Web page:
Police Harassment of Deported Migrants
By Robert McKee Irwin
Mexican migrants may have difficulties reestablishing their lives in Mexico following a deportation. While their rapid integration would undoubtedly be of benefit not only to migrants themselves, but to Mexican society at large, Mexican governmental agencies are rarely helpful in this process. Mexican police have been especially problematic in this regard. They often target deported male migrants, harassing, extorting, beating and jailing them without cause, thus making these migrants’ transition to living productive lives in Mexico especially difficult.
Repatriated migrants should be encouraged to report police abuse to Mexican human rights authorities. Mexican human rights authorities should investigate complaints of police harassment and brutality toward repatriated migrants, and should monitor police in areas in which complaints are registered frequently. Police officers and their superiors should be held accountable for improper actions. US authorities should avoid deporting nonviolent migrants, especially childhood arrivals, who are easily identifiable and likely to be subject to police harassment in Mexico.
As noted in our previous installment of Migrant Narratives, deportation is often a traumatic event in migrants’ lives. It often takes months or years for migrants to adjust to their post-deportation circumstances, which may include family separation, loss of income or property, and feelings of failure or shame.
Deportations from the United States to Mexico have over the past two decades increasingly included migrants who have lived many years in the United States. The establishment in 2003 of Immigration Customs and Enforcement (ICE), an agency charged with police powers to detain and deport migrants in the interior of the country, and this agency’s rapid growth, has led to large increases in deportations of migrants who have not recently crossed the border. These migrants often have deep roots in the US, including job, family, and in many cases major assets such as a house or a business.
Aside from psychological barriers to adjusting to forced displacement, and logistical obstacles, including difficulties in obtaining identification papers needed for employment, police harassment of deported migrants is frequent. Migrants who have lived a long time in the US may be identifiable by styles of dress, tattoos, or sometimes backpacks. Migrants staying in shelters in border cities such as Tijuana are often required to check out every morning, and must take all their belongings (usually not much more than clothes, telephone, personal papers) with them, typically in backpacks, until they are allowed to check in again in the late afternoon.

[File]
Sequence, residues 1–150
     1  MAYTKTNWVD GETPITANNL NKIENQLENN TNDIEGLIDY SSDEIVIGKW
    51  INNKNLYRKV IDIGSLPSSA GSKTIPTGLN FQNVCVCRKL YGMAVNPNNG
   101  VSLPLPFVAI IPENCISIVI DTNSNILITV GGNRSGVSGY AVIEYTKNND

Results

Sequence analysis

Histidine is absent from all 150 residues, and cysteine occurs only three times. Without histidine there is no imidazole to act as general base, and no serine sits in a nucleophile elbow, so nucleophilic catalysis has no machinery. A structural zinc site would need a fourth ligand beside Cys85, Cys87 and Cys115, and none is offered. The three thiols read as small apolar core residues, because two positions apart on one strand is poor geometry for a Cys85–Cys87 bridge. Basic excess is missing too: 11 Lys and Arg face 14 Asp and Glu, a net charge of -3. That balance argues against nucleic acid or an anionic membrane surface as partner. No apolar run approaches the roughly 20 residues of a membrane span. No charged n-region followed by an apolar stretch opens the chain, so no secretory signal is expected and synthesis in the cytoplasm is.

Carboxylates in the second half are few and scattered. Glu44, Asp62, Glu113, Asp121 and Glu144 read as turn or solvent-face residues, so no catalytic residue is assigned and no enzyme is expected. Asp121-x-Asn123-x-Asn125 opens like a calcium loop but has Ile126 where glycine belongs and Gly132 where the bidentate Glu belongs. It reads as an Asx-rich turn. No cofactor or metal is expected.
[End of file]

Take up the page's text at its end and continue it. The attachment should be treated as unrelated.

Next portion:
Police target them, extorting what little money they may have, sometimes beating them, often confiscating their personal papers and other items, and sending them to jail for a few days without any clear charges. Unjustly incarcerated migrants who may actually have jobs may lose them when they fail to show up for work. Alberto Espinosa (pseud.) recounts his experiences with the Tijuana police in his digital story, “Deported Mexicans and Tijuana Police: Abuses and Violences”, emphasizing the difficulties he faced in maintaining employment due to their constant harassment.
Early in the decade of the 2010s, large camps of deported migrants formed along the border in the mostly dry canalization of the Tijuana River, a site popularly known as El Bordo. A thousand or more migrants concentrated there in clusters of lean-tos (locally known as “ñongos”) or burrows dug into the riverbed, and sewage conduits that empty into the canal. These very large numbers of migrants elected to live there despite the unsanitary conditions and exposure to the elements in part because they felt safe from police harassment. However, as the camps grew, they attracted the attention of global media, and Tijuana’s municipal police began a sometimes violent campaign of removal.
Guadalupe Mendívil, who himself was not deported, but lived for a number of years in El Bordo while addicted to drugs, offers his own observations on the massive arrival of deported migrants to these homeless camps, and the often brutal tactics deployed by authorities to clear them out in the second and third parts of his three-part story “Thanks to the Deportees, Another Chance” (Part 2 and Part 3).
Ignacio Davis, a deported Mexican who also lived for a time in El Bordo, describes the experience of everyday life there in his digital story, “Surviving El Bordo”. He also recounts the campaigns to clean out the canal, which was carried out with a ruthlessness that likely led to the deaths of some of the migrants.
Police harassment of deported migrants is not limited to Mexico’s northern border cities, where the vast majority of deportations occur, but are also common in Mexico’s interior. Christian Guzmán, a childhood arrival who lived most of his life in Oklahoma whose accent, style of dress, and tattoos identify him as having grown up in the United States, refers to incidents of harassment in both Puebla and Mexico City, where police officers stop him on the street without cause, sometimes beating him, threatening to plant drugs on him, or demanding bribes, in his two part story “Forced Out of My True Home” (Part 1 and Part 2).
Together these stories show that many deported Mexicans face institutional hostility and indifference that may make it difficult or impossible to accommodate themselves to their new situation, and whose consequences may sometimes be extreme.